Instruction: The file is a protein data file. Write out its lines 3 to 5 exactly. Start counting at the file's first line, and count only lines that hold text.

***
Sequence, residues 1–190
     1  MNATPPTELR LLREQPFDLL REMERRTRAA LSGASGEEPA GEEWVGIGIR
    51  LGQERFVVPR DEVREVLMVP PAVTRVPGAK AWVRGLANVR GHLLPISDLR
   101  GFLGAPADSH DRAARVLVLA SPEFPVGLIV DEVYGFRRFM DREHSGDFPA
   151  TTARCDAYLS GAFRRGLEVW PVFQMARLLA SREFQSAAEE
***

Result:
    51  LGQERFVVPR DEVREVLMVP PAVTRVPGAK AWVRGLANVR GHLLPISDLR
   101  GFLGAPADSH DRAARVLVLA SPEFPVGLIV DEVYGFRRFM DREHSGDFPA
   151  TTARCDAYLS GAFRRGLEVW PVFQMARLLA SREFQSAAEE